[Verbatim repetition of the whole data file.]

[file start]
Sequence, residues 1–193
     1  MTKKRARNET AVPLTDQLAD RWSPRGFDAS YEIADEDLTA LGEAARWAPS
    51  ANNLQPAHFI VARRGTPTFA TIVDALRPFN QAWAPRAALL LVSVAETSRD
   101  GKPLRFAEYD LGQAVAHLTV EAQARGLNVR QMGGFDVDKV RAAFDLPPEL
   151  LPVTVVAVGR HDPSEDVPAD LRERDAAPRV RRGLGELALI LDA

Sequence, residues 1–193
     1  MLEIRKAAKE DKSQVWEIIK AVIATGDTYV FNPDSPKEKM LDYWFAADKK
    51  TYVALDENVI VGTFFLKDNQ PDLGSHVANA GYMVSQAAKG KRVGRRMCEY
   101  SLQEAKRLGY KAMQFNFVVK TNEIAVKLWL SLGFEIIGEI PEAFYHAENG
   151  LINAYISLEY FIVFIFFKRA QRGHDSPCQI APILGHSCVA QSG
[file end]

Sequence, residues 1–193
     1  MTKKRARNET AVPLTDQLAD RWSPRGFDAS YEIADEDLTA LGEAARWAPS
    51  ANNLQPAHFI VARRGTPTFA TIVDALRPFN QAWAPRAALL LVSVAETSRD
   101  GKPLRFAEYD LGQAVAHLTV EAQARGLNVR QMGGFDVDKV RAAFDLPPEL
   151  LPVTVVAVGR HDPSEDVPAD LRERDAAPRV RRGLGELALI LDA

Sequence, residues 1–193
     1  MLEIRKAAKE DKSQVWEIIK AVIATGDTYV FNPDSPKEKM LDYWFAADKK
    51  TYVALDENVI VGTFFLKDNQ PDLGSHVANA GYMVSQAAKG KRVGRRMCEY
   101  SLQEAKRLGY KAMQFNFVVK TNEIAVKLWL SLGFEIIGEI PEAFYHAENG
   151  LINAYISLEY FIVFIFFKRA QRGHDSPCQI APILGHSCVA QSG